3. Witch Hazel

Witch Hazel, which has astringent properties, is often touted as a gentle, soothing and natural alternative to Alcohol to help absorb excess oil. But while it is true that this plant has some anti-irritant properties, it also contains a high concentration of tanning, a powerful antioxidant that can irritate skin. In addition, during the distillation process, alcohol (usually in 14%-15% concentrations) is added. And as we’ve just seen, Alcohol can irritate skin as well. In other words, Witch Hazel causes more problems than it solves.

4. Sodium Lauryl Sulfate

Sodium Lauryl Sulfate is a surfactant that helps water mix with oil and dirt so that they can be rinsed away. However, it is also very drying and irritating. It is so irritating that, when scientists want to verify how much irritation a substance can cause, they compare it with it! Luckily it is not so difficult to avoid this ingredient because very few companies are still using it.

5. Peppermint and Menthol

Both peppermint and menthol (which is derived from peppermint) have a lovely fresh scent and a nice cooling effect on the skin. But they can also irritate it. That’s actually the reason why they are included in many lip plumpers. The irritation they produce causes lips to swell, thus making them plumper. And no form of irritation is ever good for skin. And while I enjoy the fresh feel of menthol of my lips, and don’t avoid this ingredient completely, I use products with it very sparingly.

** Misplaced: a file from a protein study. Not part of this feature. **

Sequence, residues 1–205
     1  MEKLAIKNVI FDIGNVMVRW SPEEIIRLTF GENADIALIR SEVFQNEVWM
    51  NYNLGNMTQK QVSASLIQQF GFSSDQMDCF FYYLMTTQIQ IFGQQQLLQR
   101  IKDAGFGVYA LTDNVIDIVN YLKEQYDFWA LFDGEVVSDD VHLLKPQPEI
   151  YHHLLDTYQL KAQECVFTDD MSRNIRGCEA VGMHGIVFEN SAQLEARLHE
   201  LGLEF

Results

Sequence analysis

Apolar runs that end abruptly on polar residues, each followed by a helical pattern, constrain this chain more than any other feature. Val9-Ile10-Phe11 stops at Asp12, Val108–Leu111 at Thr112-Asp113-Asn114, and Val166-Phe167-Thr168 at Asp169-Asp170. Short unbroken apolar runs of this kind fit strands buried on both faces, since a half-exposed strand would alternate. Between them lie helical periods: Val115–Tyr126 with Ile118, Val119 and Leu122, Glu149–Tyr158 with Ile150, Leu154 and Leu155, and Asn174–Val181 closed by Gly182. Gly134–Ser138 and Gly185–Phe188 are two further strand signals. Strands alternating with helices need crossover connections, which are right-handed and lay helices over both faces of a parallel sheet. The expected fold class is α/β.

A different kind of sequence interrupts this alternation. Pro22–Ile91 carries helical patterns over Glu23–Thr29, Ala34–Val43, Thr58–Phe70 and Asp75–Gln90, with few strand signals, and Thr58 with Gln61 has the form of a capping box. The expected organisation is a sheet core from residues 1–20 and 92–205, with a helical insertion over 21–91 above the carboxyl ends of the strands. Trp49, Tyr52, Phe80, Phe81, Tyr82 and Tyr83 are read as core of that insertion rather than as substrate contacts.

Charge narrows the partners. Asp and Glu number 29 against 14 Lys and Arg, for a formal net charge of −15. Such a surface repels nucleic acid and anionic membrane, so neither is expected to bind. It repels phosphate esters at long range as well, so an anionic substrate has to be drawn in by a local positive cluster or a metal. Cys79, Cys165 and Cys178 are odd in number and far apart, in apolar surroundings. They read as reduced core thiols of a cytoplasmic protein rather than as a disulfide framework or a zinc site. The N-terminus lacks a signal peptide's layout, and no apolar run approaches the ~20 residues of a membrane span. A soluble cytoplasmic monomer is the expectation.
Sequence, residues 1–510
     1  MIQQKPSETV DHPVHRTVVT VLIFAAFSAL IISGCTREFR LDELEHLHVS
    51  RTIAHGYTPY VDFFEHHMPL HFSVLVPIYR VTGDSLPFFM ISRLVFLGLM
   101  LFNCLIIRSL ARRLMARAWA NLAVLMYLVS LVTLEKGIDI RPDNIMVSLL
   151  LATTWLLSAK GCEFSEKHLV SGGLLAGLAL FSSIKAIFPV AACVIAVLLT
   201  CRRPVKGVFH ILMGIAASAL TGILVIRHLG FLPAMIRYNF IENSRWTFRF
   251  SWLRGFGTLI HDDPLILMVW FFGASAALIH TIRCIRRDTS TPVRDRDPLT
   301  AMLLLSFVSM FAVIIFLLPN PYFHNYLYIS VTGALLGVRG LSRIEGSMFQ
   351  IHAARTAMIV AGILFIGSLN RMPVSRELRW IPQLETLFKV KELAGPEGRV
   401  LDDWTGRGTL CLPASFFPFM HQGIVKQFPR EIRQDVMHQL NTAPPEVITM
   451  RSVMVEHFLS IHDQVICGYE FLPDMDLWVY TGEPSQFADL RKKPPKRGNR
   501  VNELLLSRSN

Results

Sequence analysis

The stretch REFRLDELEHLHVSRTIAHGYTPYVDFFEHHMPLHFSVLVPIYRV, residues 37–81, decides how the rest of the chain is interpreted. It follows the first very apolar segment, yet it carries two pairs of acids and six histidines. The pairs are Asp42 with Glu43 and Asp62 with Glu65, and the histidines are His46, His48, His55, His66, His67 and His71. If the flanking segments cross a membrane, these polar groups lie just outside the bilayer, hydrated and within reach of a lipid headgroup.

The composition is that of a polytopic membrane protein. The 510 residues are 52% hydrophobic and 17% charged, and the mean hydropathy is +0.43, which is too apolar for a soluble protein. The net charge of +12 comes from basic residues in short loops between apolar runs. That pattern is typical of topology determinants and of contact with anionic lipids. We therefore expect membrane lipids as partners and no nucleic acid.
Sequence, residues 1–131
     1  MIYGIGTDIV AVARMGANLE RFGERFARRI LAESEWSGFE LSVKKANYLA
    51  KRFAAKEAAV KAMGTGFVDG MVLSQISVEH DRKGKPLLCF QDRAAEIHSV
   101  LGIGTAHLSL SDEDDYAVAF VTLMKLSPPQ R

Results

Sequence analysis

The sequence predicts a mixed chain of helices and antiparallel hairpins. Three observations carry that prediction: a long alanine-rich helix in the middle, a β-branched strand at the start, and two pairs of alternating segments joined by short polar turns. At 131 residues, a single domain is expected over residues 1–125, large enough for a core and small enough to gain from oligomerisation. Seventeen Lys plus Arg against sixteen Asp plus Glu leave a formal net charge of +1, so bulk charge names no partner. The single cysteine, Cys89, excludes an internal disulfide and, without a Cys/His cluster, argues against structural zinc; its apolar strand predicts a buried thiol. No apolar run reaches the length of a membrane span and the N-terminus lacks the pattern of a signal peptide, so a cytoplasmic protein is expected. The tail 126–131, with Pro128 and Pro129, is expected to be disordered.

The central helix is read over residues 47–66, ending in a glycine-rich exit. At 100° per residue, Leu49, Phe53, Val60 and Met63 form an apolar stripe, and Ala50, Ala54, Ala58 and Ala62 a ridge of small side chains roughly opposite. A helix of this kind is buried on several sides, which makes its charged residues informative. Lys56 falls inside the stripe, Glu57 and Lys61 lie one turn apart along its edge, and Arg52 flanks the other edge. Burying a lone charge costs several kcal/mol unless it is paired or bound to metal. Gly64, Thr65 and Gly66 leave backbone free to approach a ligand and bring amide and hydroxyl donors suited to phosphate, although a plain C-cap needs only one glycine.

6. Sodium Cocoate and Sodium Palmate

Sodium Cocoate and Sodium Palmate, which is derived from palm oil, are two surfactants that are mainly used in bar soaps. Although they cleanse skin well, they can also be drying and irritating, and disrupt the skin’s protective barrier. That’s because they are usually formulated at an alkaline (high, about 7 or higher) ph compared to that of the skin which is slightly acidic (low, about 5.5). Although I don’t buy products with these ingredients, I have a few bar soaps formulated with them, which were given to me as gifts and which I use from time to time. I find that, if used sparingly, you can enjoy their cleansing properties (and lovely scents) without side effects. But they definitely shouldn’t be used daily, especially if your skin is dry or sensitive.

Do you avoid any ingredients in your skincare?

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Comments

    • 2

      beautifulwithbrains says

      Eight, there are way too many types of alcohols, aren’t there? It’s so difficult to remember that all!

  1. 3

    Pam says

    Thank you for this great post. I am new to your blog and am looking forward to reading through your archives.